Landscape lighting isn’t just a Spring project. The longest night of the year is December 21/22. It is dark already when you come home and often still dark when you leave in the morning. Here are some ideas for outdoor lighting for safety and security that are easy to install and don’t use a lot of electricity to operate.
Create a landscape lighting plan. Draw a sketch or map of your yard.
Be sure to position fixtures so lights won’t shine into people’s eyes, into windows or into other people’s yards.
- Steps & Stairs
- Lawn Ornaments
- Fountains or Water Feature
- Natural Features
- Areas an intruder might hide
Mark on your plan any areas you don’t want to feature.
- Garbage Cans
- Heating or Air Conditioning Units
- Fuel Tank
- Dog Run
- Wood Pile
Draw in the areas you want light. Then decide how to light them. There are a lot of options.
- Path Lighting
- Step Lighting
- Accent Lighting: Direct light at an object or area.
- Silhouetting: If you wash the area behind something, you make it stand out.
- Spot Lighting: Direct the light directly at something.
- Reflecting: If you have a body of water, light something near it. It will be reflected. This is a really beautiful effect.
- Underwater lights
The higher the fixture is mounted, the wider the area that can be lighted with a single fixture. You can control the light using a shroud or a lens. A shroud cuts off the light so that it doesn’t intrude where it is not wanted. A spread lens spreads the light to a wider area. A linear spread lens elongates the beam.
Many lights can accept light bulbs with varying beam spread. A flood will light a larger area. A spot will narrow the beam and the light will appear brighter.
So, now draw onto your landscape plan the location of the fixtures. Decide where you can locate your transformer. Draw a line from the transformer to each fixture.
This is a landscape plan from Hadco. The dotted line is the cable.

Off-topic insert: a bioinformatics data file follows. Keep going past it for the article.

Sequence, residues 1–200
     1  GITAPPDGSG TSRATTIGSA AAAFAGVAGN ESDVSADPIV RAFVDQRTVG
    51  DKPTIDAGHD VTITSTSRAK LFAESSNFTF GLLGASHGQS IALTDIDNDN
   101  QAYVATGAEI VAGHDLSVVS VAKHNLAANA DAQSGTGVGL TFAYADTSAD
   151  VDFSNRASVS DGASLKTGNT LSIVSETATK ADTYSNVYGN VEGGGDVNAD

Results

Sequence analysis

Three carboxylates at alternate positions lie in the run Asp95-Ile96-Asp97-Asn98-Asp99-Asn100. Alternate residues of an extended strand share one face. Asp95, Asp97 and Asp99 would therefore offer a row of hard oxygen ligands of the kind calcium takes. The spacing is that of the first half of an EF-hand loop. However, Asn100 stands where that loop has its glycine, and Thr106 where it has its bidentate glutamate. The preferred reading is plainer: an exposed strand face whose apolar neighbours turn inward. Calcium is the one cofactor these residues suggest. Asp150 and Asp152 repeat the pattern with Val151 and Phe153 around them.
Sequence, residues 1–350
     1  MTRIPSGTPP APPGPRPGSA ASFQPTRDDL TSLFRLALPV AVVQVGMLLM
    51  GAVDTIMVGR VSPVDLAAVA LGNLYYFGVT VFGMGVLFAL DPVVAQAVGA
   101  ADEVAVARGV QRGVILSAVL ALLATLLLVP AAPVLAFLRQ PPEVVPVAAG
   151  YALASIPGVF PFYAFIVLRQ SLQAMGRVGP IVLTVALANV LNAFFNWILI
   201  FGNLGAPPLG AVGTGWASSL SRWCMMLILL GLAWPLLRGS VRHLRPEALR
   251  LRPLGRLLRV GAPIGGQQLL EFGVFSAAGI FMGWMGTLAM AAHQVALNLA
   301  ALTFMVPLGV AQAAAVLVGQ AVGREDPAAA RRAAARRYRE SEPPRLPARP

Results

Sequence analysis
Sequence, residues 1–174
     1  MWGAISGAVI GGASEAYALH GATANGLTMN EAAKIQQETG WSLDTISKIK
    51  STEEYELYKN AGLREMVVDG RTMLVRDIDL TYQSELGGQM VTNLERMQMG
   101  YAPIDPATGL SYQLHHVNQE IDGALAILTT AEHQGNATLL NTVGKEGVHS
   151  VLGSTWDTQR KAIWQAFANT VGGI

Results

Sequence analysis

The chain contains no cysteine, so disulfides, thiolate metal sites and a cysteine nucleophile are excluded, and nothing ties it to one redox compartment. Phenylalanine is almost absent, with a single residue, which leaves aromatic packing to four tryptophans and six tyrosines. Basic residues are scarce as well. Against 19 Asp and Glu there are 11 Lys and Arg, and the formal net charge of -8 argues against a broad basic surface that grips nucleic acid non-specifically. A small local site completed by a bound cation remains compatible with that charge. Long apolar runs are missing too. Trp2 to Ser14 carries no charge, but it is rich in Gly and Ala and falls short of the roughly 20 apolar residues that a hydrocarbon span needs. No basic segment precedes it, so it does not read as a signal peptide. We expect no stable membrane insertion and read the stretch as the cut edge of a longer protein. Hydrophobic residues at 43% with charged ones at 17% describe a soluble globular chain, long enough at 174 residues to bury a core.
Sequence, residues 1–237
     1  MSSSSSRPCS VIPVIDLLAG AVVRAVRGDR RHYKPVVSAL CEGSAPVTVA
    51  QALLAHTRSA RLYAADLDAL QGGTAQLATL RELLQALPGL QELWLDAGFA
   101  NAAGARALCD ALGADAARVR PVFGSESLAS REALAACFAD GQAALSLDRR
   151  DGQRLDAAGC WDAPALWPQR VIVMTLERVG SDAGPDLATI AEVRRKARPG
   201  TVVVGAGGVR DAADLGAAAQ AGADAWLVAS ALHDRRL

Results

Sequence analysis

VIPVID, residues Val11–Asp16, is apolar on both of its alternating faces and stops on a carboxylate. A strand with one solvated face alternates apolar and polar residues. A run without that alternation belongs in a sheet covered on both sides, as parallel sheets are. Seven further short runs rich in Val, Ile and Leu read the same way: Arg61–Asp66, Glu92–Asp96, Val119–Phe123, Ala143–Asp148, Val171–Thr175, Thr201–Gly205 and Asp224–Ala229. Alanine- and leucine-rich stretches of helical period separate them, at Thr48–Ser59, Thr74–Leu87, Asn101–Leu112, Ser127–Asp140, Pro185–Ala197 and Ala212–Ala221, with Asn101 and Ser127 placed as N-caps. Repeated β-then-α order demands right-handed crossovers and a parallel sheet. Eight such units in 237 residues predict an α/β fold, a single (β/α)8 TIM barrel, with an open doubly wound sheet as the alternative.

“Draw a dotted line from the power console to each fixture to denote the cable, remembering to center feed each group of fixtures. Try to avoid running the cable under walks and drives more than once to help eliminate the need for extra work when installing.” Hadco’s Landscape Installation Guide (PDF will open in new window)
Design your cable layout. Avoid straight runs or the lights closest to the transformer will be brighter than the ones further down the line. If your runs are going to be very long, use higher gauge cable for the main leg.
Measure your cable. Be sure to get extra so it isn’t tight. It’s not that expensive.
Add up the wattage of the fixtures. Your transformer should handle this much wattage. If you might add more lighting later, get a bigger transformer.
Decide how much you want to spend and the quality of product you can afford.
You don’t have to do everything at once. Purchase the transformer for your ultimate plan, then add the fixtures little by little. Or buy low cost fixtures now and upgrade to higher quality longer lasting fixtures later.
- A timer to turn the lights on and off at predetermined hours.
- A Photocell switch to turn the lights on at dusk and off at dawn
- Remote Control
- Motion Detector to turn the lights on when someone approaches, then turn the lights back off.
Installation is easy and fast
Follow any instructions that come with your lighting.
1- Screw the transformer to the wall near the outlet one foot above the ground.
If you have a photo cell, mount it away from any artificial light sources, such as street lights or light from your windows.
2- Lay fixtures as close as possible to where they will be installed.
3- Lay out the cable along your plan. Be sure to keep it loose.
4- Connect the cable to each fixture and to the main cable using cable connectors.
5- Connect the low voltage cable to the transformer.
Plug in the transformer.
6- Test the system. Make sure everything is lighting up before you bury the cable. You might want to wait until the sun goes down to make sure that everything is right.
7- Cover the cable with mulch or gravel where it runs through beds.
Cut a slit in the grass and push it in where it crosses the lawn.